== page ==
Functional dyspepsia (FD) is a chronic disease that is frequently encountered in everyday clinical practice and is characterized by four epigastric symptoms: epigastric pain, epigastric burning, early satiety, and postprandial fullness (1). Various brain-gut-derived factors are involved in the pathology of FD: anxiety and depression, low-grade mucosal inflammation, gastric acid secretion, and autonomic nervous system abnormalities. These factors cause gastrointestinal motility dysfunction and visceral hypersensitivity, which result in upper abdominal symptoms (2). Therefore, acid suppressants, prokinetics, antidepressants, anti-anxiety drugs, and herbal medicines are often used as the standard treatment of FD. However, these treatments are effective in only about 40-50% of FD patients, and some patients are treatment-resistant (3, 4).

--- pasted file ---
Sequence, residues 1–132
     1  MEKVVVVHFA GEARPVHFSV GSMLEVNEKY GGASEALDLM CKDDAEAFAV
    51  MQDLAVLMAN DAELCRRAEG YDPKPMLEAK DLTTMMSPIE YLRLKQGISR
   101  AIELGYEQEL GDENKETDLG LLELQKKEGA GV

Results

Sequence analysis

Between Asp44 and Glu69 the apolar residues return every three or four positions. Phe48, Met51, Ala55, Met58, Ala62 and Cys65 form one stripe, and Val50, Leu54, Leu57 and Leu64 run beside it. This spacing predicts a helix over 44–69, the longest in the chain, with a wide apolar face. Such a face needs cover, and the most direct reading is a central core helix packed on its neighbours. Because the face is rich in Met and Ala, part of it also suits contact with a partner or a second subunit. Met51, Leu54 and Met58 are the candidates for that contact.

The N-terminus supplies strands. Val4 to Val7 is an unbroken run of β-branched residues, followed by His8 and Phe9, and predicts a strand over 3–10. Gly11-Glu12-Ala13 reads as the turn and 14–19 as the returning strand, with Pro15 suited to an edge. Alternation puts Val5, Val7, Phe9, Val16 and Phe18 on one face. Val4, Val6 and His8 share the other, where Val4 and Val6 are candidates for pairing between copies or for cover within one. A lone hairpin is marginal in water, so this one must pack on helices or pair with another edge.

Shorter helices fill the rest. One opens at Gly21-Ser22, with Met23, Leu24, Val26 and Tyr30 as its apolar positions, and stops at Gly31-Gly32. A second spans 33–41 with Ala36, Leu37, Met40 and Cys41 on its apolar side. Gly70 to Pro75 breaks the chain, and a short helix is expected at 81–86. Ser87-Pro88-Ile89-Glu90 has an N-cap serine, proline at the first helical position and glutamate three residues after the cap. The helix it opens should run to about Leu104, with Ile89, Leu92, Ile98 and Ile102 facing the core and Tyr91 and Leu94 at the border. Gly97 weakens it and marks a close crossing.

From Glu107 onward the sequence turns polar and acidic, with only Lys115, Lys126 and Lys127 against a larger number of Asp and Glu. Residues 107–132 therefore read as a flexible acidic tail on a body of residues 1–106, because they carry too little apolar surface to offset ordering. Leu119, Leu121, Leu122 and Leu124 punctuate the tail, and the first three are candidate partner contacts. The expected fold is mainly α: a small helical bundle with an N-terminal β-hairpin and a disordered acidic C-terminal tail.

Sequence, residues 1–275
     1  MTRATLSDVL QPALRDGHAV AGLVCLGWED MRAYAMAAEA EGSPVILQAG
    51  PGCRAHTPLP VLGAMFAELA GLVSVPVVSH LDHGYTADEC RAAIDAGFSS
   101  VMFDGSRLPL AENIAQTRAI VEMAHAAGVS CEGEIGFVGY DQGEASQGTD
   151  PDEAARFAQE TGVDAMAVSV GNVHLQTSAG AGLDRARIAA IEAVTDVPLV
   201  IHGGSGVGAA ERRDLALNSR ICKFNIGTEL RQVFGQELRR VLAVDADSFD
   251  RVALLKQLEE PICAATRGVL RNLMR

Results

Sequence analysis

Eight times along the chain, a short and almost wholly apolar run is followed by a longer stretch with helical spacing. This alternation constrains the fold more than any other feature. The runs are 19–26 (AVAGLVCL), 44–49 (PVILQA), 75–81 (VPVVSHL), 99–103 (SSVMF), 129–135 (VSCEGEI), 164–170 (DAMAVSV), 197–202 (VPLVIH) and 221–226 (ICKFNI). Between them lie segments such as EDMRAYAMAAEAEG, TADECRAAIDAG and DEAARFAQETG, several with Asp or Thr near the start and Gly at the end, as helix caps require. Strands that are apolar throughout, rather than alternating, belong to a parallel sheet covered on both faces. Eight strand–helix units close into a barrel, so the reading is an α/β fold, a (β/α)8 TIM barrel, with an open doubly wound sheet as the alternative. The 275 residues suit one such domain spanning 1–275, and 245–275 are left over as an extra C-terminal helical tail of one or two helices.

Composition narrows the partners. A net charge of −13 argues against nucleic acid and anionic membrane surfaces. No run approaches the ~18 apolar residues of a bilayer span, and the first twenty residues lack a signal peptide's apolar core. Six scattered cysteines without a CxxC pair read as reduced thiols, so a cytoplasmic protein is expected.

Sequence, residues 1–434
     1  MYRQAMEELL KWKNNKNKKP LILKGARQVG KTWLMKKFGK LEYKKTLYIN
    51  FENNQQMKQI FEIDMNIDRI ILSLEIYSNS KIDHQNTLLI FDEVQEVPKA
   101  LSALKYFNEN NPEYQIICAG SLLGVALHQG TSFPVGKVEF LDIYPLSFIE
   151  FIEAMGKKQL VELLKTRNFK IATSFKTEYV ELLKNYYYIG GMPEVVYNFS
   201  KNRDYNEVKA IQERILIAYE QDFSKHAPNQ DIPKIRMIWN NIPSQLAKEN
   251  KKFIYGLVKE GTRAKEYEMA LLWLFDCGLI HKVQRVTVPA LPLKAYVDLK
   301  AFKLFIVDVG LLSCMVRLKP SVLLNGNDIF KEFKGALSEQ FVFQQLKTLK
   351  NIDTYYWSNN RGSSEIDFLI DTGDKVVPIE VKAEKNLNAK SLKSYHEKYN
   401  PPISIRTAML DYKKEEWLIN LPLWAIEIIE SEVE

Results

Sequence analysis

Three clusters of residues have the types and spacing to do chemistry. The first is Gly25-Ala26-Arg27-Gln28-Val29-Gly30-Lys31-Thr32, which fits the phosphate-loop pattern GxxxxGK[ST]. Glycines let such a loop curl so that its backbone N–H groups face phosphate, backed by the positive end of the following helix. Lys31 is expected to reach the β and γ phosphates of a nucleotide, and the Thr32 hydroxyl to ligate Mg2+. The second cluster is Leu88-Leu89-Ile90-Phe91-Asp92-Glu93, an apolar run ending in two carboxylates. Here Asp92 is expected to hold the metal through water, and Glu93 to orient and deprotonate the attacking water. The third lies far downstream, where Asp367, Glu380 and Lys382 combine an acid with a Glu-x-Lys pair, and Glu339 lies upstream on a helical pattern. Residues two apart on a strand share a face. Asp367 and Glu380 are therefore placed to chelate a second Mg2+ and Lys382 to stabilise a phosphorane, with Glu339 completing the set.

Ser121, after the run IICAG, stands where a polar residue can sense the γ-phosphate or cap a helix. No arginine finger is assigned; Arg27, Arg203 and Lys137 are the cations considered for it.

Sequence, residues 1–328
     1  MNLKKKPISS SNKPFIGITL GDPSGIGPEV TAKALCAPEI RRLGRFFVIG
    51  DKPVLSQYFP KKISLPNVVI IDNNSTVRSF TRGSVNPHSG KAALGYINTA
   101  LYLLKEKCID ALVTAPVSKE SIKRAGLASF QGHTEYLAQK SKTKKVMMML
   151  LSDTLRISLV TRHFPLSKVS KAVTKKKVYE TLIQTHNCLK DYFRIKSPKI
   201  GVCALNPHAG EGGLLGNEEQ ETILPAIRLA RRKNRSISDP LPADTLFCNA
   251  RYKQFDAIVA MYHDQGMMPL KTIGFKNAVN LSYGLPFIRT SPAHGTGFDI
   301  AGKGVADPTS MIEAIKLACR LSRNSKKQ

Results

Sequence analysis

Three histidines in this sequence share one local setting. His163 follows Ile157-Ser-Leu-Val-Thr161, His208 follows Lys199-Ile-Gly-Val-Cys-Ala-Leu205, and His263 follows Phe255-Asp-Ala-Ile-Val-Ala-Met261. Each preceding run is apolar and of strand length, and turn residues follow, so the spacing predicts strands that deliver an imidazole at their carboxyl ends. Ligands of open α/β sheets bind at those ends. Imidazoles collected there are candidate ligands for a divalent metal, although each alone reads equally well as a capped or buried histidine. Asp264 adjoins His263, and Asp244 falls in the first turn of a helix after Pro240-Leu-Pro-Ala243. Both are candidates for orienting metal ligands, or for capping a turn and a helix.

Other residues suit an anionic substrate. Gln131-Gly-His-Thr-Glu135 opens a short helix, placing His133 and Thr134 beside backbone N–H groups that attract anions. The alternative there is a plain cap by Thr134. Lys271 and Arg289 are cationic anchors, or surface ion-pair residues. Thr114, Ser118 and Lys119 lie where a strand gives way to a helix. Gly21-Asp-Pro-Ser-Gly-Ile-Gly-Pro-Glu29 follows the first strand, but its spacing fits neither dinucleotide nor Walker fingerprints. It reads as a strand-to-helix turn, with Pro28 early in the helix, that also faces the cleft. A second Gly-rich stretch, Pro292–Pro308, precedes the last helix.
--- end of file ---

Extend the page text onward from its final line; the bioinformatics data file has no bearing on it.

Under the Rome IV diagnostic criteria for FD, the above epigastric symptoms occur at the epigastrium, defined as the region between the umbilicus and lower end of the sternum and marked by the midclavicular lines. The Rome IV criteria for an FD diagnosis indicate that both postprandial distress syndrome (PDS) and epigastric pain syndrome (EPS) are food-related symptoms. In addition to four FD-specific symptoms, abdominal bloating, nausea, and belching are also recognized as symptoms of FD. Therefore, symptoms that can occur at sites other than the epigastrium may be perceived as epigastric symptoms. Additionally, numerous clinical studies have indicated that FD shows a high incidence of other concomitant functional gastrointestinal disorders (FGIDs), such as gastroesophageal reflux disease (GERD) and irritable bowel syndrome (IBS) (5). As such, some patients may develop resistance to treatment due to a mismatch in understanding between the patient and the physician regarding the details of the upper abdominal symptoms, the body site at which the symptoms are experienced, and the proper clinical diagnosis.